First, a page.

Mountain biking places high loads on joints that we normally don’t consider as load bearing (i.e., elbows, shoulders, wrists). Wrist pain is common due to the shock transferred from the bike to the upper extremity. It varies from mild discomfort to debilitating pain. A main cause of wrist pain is a ganglion. A ganglion is a distension of a weakened portion of a joint capsule or tendon, and is characterised by a painful lump on the back of the hand or wrist. It is caused by repetitive mechanical stress, as in mountain biking.
Perineal numbness due to nerve compression after long periods of sitting on a hard saddle will be familiar to the majority of riders, and modern saddles are shaped to reduce pressure on the pudendal nerves in the perineum. A conditioning period should be expected. If you still have pain or numbness after a month of riding (2-3 rides per week), then consider a different saddle or have your set-up checked by an expert.
The scrotal contents can be subjected to repeated micro-trauma during mountain biking. According to a recent study (lancet 2000), a total of 96% of extreme mountain bikers had pathological abnormalities of scrotal contents compared with 16% of a control group on ultra sound examination. It’s not something the majority of male mountain bikers should be concerned with though.
It is not just the male genitalia which have been shown to suffer from prolonged riding. Female road cyclists have been reported to develop unilateral vulval hypertrophy (painful thickening of the skin). A saddle with adequate fit and support, and good cycling shorts are important to decrease these problems. Take notice of any perineal symptoms or lumps, and consult a sports physician if any symptoms persist.
Saddle sores or folliculitis (infection of a hair follicle or sweat gland) may keep a rider “grounded” for some time. Limit skin problems by keeping the chamois of the cycling pants clean and dry, and using a cream designed to limit skin infections and inflammation. Consult a sports physician if it does not clear, or if there is any sign of infection (swelling, redness, heat) or any worrisome lump.
A very interesting study by a group of Austrian Orthopaedic surgeons published in 2010 found a significant correlation between inappropriate mountain bike adjustments and the occurrence of overuse injuries in competitive mountain bikers. Numbness in the hand, pain in the lumbar spine (back), the knee and the buttocks were identified as the predominant overused body regions reported by athletes. The inclination of the saddle and the saddle-pedal distance were responsible for two thirds of the recorded injuries. Hence, the saddle position is obviously the crucial point in the bike’s adjustment, affecting the entire rider’s position on the bike. It was found that an anterior (forward) inclination of the saddle between 10 to 15 degrees reduced the occurrence of low back pain significantly.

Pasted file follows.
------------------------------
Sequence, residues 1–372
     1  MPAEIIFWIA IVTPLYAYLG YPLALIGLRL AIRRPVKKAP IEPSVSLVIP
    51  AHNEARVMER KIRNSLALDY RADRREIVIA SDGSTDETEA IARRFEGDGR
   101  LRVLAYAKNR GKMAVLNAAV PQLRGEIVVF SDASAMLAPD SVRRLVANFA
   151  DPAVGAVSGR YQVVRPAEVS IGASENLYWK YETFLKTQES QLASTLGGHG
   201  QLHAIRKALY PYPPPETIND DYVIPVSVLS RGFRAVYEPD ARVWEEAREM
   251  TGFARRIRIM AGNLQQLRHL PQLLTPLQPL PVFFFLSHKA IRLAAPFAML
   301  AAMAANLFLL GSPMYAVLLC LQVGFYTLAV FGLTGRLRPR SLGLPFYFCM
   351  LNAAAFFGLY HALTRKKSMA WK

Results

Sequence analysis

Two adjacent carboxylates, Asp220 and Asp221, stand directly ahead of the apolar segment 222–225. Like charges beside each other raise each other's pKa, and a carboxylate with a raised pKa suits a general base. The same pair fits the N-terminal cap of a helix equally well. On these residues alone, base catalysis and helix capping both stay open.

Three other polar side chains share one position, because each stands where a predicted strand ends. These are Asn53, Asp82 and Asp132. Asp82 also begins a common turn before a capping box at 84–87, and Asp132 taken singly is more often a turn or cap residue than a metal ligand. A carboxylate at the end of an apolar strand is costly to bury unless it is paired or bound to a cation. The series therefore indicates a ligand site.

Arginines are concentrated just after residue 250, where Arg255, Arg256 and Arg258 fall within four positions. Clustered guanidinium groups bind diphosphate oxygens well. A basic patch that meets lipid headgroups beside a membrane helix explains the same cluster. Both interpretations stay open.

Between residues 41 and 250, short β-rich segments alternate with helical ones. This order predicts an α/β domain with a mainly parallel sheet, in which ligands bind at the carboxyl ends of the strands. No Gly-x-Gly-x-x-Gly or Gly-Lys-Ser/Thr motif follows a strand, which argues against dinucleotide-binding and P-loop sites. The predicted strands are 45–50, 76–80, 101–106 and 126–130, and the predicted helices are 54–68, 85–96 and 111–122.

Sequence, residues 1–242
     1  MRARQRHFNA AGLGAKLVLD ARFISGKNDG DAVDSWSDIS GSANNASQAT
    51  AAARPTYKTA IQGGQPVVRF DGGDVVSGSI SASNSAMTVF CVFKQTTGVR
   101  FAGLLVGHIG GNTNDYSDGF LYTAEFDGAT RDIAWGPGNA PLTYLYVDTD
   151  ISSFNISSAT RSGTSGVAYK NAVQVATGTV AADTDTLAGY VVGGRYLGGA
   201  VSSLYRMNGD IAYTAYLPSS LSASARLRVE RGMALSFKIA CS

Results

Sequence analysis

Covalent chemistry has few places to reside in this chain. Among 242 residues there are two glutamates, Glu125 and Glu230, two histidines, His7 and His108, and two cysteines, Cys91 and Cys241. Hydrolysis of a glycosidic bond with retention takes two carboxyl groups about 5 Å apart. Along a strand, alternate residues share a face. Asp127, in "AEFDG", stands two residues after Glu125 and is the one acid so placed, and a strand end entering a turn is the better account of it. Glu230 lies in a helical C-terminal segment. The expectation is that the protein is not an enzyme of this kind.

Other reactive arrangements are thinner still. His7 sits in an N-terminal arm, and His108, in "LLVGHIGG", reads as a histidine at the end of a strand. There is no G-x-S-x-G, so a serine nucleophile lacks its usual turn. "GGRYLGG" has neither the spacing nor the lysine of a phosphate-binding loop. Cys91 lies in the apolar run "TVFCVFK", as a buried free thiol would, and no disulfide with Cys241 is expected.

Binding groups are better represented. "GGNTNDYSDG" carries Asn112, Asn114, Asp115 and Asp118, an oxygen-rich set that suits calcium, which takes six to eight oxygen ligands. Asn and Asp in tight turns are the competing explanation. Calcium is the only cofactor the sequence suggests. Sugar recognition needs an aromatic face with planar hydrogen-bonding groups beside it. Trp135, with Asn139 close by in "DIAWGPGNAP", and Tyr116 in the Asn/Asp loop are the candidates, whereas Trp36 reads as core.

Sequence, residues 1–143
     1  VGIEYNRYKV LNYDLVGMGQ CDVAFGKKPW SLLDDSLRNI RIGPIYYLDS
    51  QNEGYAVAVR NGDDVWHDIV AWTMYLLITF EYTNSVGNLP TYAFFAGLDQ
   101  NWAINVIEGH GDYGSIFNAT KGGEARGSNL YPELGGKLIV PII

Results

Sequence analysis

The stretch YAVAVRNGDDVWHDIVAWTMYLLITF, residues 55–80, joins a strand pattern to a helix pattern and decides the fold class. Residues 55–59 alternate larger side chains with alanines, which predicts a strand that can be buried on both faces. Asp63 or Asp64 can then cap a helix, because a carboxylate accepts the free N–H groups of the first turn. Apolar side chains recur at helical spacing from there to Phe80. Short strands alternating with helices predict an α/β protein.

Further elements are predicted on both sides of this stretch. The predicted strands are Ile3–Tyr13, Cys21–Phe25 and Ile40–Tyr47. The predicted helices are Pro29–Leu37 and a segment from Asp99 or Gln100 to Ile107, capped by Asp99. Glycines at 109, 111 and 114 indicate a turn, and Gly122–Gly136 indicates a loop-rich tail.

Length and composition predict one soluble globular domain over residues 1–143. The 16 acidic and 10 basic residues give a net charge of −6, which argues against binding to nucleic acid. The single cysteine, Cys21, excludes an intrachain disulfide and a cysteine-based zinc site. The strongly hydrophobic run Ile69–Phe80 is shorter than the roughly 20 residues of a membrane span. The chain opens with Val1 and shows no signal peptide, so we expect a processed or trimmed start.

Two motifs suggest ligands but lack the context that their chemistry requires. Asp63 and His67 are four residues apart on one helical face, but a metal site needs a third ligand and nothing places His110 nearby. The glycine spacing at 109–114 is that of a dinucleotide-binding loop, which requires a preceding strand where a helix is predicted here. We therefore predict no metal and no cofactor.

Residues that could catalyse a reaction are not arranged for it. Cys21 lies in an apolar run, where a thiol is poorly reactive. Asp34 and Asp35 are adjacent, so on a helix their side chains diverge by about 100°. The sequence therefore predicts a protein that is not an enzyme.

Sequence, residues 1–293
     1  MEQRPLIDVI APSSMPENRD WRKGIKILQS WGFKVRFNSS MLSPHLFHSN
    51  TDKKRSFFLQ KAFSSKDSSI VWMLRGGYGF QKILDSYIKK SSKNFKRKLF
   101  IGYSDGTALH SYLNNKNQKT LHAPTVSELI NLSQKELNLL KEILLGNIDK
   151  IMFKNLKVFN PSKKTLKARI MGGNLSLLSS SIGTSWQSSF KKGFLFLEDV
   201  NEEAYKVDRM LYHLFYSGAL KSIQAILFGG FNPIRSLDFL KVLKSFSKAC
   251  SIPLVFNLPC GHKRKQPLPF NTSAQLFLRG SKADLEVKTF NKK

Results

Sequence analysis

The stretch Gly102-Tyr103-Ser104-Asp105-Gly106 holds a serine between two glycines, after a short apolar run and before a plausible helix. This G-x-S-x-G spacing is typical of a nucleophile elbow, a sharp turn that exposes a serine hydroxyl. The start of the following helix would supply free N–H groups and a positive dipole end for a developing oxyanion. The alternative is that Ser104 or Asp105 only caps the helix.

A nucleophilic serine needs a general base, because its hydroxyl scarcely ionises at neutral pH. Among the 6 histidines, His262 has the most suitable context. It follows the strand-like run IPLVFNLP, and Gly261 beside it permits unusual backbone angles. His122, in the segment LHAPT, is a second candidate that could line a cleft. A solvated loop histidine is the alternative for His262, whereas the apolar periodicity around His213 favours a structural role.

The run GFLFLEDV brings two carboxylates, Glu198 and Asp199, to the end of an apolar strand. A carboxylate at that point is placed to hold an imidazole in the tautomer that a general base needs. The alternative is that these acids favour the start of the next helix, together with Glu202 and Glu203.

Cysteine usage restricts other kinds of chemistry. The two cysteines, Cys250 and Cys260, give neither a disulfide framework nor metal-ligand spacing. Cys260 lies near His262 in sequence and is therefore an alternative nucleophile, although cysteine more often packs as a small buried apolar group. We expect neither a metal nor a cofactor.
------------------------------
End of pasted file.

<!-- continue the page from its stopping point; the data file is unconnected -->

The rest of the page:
FIRST AID FOR MOUNTAIN BIKERS
We are classified into two groups: those who have had a fall (and will probably fall again), and those who are yet to fall. So what to do when you meet the dirt head on? Basic first aid will help you deal with most of the acute injuries mentioned in this article, and can make all the difference when out on the trial. But, before heading out, remember:
- Always wear your helmet!
- Never ride alone. An unexpected fall may land you in trouble, and a partner’s presence may be life saving (though sometimes humiliating…)
Common sense should prevail. After an accident, always get yourself in a safe area, or if you are the rider attending to an injured rider, always make sure you both are out of harm’s way (off the trail or race route). For serious injuries, call for help first. Check the injured rider’s level of consciousness, breathing, and feel for a pulse. Start CPR if needed. If the rider is conscious, stay calm and keep the injured rider calm. Ask what hurts most, or attend to the most obvious injuries. Stop any bleeding, and immobilise any suspected fractures. Try not to move the injured rider unnecessarily. Keep talking to the injured rider, to assess any change in consciousness. A painkiller may be given if necessary, but do not give any unnecessary food/fluids, as the injured person may need surgery.
Most important is to stay calm and think! Most acute injuries can be dealt with effectively on a trail, or be stabilised until help arrives. Overuse injuries can be minimised by a good bike fit and set-up, adequate conditioning and strong core muscles. Consult a sports doctor if pain persists for more than 48 hours, or if there is any sign of infection.
Dr Mérchen Naudé is a Sports Physician practising in Pretoria, and is an avid triathlete and mountain biker. She has completed several Ironman triathlon, Xterra, mountain biking events and stage races. And yes, she has sustained mountain biking injuries. She can be reached on 012 753 1257 or email@example.com
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Originally published in TREAD Issue 23, 2013 – All rights reserved